March is the Month to Increase Women’s Knowledge of Alzheimer’s Disease

Written by Juliette Bradley

March is National Women’s History Month and March hosts International Women’s Day. Because women are at the epicenter of Alzheimer’s disease — almost two-thirds of Americans living with Alzheimer’s are women and more than 60% of Alzheimer’s and dementia caregivers are women — the Alzheimer’s Association has a timely message for women.

Research studies show that some healthy lifestyle choices can actually decrease the risk of dementia and cognitive decline. Research presented at a recent Alzheimer’s Association International Conference (AAIC) focused on five lifestyle factors that may make a major impact on your cognition. These include:

  • Eating a healthy diet. Certain diets, including the Mediterranean diet and other diets designed to help reduce hypertension, have been shown in studies to contribute to risk reduction.
  • Exercising for at least two and a half hours of moderate to vigorous physical activity per week. Several studies have shown that engaging in regular cardiovascular exercise that elevates your heart rate and increases blood flow to the brain may reduce the risk of cognitive decline.
  • Refraining from smoking. Studies show that smoking in your early to mid-life may be associated with cognitive impairment as early as one’s 40s. Quitting smoking can reduce that risk to levels comparable to those who have not smoked.
  • Limiting the use of alcohol. Drinking large amounts of alcohol can increase blood pressure, which can cause issues in cognition and memory.
  • Engaging in cognitively stimulating activities. Research has shown that activities such as puzzles and word games can help with maintaining healthy cognition. However, recent studies have shown that staying socially connected is just as, if not more, important.

Women in their 60s are more than twice as likely to develop Alzheimer’s disease over the rest of their lives as they are to develop breast cancer. A woman’s estimated lifetime risk of developing Alzheimer’s at age 65 is 1 in 5. For men, it is 1 in 10. The prevailing view regarding why more women than men have Alzheimer’s or other dementia has been that this discrepancy is due to the fact that women live longer than men on average, and older age is the greatest risk factor for Alzheimer’s. However, there is emerging evidence that suggests there may be unique biological reasons for these differences beyond longevity alone. These biological underpinnings may contribute to the underlying brain changes, progression, and symptom manifestation in Alzheimer’s disease.

A recent study indicates that work and family patterns, which have changed drastically over the last 100 years, may play a role in a woman’s memory decline. Women who participated in the paid labor force between early adulthood and middle age experienced slower memory decline in late life, building on previous research that associates work and education with higher levels of cognitive engagement.

But when it comes to treatment or prevention of Alzheimer’s, what do these studies mean for women? And what about men? Our better understanding of what leads to the imbalance in the prevalence of numbers can give us insights into the risk factors for both sexes and can provide intervention targets for the future. The more we can learn, the better we can design interventions to prevent, detect and treat dementia that are specific to each population.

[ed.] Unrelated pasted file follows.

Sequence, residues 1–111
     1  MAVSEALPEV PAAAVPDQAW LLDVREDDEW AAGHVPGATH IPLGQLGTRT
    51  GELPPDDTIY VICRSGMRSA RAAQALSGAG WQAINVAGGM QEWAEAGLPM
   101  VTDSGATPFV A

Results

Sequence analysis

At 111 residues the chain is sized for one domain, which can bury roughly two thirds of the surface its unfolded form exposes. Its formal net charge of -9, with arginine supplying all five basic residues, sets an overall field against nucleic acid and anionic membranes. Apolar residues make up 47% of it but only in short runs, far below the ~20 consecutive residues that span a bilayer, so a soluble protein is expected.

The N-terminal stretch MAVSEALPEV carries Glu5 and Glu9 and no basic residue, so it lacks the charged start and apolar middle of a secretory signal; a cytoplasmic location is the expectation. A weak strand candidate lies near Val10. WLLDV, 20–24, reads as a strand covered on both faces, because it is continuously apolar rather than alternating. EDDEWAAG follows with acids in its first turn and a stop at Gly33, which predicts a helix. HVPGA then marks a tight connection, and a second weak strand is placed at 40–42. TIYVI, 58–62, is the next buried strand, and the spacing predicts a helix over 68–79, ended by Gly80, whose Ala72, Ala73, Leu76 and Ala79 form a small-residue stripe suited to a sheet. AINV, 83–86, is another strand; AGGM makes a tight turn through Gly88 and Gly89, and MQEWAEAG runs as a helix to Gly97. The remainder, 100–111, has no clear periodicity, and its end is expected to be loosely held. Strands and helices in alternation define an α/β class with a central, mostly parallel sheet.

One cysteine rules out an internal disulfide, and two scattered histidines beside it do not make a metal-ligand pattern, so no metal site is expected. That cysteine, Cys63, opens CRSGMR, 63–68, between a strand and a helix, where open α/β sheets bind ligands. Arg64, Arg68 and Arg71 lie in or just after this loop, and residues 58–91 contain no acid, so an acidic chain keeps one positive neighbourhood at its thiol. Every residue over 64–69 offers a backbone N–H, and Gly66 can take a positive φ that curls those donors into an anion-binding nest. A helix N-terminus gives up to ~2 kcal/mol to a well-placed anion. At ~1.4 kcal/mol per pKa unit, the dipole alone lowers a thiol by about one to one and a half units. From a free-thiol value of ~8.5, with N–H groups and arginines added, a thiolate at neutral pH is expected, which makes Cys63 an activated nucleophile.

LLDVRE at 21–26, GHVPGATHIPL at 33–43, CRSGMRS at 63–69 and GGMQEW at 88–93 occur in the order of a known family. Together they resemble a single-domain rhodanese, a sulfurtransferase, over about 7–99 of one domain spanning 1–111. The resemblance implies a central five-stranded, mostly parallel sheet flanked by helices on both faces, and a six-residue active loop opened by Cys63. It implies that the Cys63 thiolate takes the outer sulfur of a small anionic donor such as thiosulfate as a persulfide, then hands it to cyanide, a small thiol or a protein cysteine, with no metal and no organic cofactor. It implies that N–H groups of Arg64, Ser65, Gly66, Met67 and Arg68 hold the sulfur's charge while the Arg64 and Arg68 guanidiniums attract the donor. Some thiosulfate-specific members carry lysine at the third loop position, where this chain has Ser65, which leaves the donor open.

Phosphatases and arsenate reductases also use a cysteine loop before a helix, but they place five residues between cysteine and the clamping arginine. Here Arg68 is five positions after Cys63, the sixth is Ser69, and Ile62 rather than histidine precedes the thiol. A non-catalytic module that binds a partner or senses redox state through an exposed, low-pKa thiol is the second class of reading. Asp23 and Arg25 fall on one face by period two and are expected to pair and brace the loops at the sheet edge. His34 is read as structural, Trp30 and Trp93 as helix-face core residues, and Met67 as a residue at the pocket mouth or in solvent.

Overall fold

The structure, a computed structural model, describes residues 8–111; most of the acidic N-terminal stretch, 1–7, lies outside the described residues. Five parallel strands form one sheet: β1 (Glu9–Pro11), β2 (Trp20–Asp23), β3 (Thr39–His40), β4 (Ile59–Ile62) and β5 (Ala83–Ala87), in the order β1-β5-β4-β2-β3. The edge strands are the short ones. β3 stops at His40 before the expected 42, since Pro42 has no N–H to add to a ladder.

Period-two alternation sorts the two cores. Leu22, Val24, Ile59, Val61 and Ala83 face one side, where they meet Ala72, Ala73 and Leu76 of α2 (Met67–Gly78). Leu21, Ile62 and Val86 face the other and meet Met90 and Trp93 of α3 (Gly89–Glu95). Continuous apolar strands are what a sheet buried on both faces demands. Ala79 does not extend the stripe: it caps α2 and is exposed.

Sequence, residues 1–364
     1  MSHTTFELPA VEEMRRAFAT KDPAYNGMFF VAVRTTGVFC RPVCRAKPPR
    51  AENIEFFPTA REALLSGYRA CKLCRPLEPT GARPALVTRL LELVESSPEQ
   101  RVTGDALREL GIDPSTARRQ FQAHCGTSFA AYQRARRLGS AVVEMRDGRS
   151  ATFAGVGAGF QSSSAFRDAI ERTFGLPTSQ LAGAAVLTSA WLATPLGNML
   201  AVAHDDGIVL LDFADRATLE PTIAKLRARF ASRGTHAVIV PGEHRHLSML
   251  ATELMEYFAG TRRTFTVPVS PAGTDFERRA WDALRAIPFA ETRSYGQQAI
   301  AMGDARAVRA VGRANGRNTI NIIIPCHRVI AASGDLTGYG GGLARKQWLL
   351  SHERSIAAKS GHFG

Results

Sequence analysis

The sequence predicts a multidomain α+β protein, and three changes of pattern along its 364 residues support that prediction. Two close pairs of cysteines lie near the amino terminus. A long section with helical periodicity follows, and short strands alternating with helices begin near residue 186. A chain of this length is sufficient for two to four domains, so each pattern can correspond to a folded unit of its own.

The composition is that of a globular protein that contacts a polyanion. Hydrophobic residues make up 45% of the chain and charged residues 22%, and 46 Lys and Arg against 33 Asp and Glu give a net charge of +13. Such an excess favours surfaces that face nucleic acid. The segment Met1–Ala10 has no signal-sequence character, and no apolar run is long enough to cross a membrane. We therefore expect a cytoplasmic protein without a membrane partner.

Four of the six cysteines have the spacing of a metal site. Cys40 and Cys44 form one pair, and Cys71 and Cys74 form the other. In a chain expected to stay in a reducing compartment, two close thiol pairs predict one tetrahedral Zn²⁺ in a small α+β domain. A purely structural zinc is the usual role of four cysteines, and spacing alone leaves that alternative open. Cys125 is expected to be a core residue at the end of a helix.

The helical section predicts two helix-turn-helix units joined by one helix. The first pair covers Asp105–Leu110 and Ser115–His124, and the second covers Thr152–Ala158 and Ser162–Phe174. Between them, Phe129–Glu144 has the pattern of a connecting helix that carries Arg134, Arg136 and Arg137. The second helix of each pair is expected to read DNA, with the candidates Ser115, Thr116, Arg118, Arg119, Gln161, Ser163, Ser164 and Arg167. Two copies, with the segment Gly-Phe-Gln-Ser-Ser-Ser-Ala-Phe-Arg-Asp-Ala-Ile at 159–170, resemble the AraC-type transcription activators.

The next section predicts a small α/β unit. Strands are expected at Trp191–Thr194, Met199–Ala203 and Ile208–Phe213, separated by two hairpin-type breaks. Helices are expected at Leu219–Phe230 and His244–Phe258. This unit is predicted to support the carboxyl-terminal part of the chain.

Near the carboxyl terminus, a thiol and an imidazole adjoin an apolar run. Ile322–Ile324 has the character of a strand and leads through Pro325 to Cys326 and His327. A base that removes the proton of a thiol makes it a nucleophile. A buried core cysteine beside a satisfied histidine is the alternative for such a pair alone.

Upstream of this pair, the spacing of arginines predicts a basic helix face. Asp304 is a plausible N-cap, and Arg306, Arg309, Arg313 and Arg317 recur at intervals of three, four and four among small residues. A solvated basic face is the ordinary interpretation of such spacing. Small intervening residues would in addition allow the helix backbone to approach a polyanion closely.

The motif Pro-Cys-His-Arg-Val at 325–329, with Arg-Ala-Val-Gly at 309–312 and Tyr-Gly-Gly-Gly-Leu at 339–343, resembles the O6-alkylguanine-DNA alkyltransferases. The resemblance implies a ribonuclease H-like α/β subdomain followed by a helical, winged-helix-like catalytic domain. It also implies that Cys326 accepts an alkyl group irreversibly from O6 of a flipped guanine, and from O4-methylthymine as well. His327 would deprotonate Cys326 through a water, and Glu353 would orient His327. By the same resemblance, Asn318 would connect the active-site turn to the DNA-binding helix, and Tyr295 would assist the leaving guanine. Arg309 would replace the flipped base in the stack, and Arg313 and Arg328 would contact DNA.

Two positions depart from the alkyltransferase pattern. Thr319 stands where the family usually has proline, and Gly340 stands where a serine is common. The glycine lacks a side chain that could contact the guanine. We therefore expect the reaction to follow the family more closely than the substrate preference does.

The responsibilities of caring for someone with dementia often fall to women. Caregivers who are women may experience slightly higher levels of burden, impaired mood, depression, and impaired health than caregivers who are men, with evidence suggesting that these differences arise because female caregivers tend to spend more time caregiving, assume more caregiving tasks, and care for someone with more cognitive, functional and/or behavioral problems. In recent studies among dementia caregivers who indicated a need for individual counseling or respite care, the large majority were women.

The good news is that there are free resources for Alzheimer’s education, support groups and care consultations — all from the Alzheimer’s Association. If you start noticing signs of cognitive decline in yourself or a loved one, the Alzheimer’s Association is the trusted resource for reliable information, education, referral, and support. Call the Alzheimer’s Association 24/7 Helpline at 800.272.3900 and talk to a trained dementia care specialist. You can speak confidentially to learn about the symptoms of Alzheimer’s and other dementias, find out about local programs and services, get general information about legal, financial and care decisions and receive help in your preferred language through our bilingual staff or interpreter service, which accommodates more than 200 languages.

Locally, women can learn more about Alzheimer’s disease by joining AWARE (Alliance of Women for Alzheimer’s Research and Education) — a group of women seeking information, educating one another, and raising awareness and funds for Alzheimer’s care, support, and research. The next AWARE event is “The Heart Remembers Luncheon” on May 9 at Milburn Country Club where Claire Sexton, DPhil, Alzheimer’s Association, Senior Director of Scientific Programs and Outreach, will be the keynote speaker. To learn more about purchasing tickets, contact Joan Cabell at

The Alzheimer’s Association is volunteer driven. Other ways for women to get involved with the Alzheimer’s Association include training to be a volunteer community educator, support group facilitator, general volunteer or fundraise for Walk to End Alzheimer’s ( or The Longest Day ( The Alzheimer’s Association also welcomes community partnerships to strengthen the message that the Alzheimer’s Association is here for all people.

Learn more about Alzheimer’s education programs, support groups and other Heart of America Chapter resources at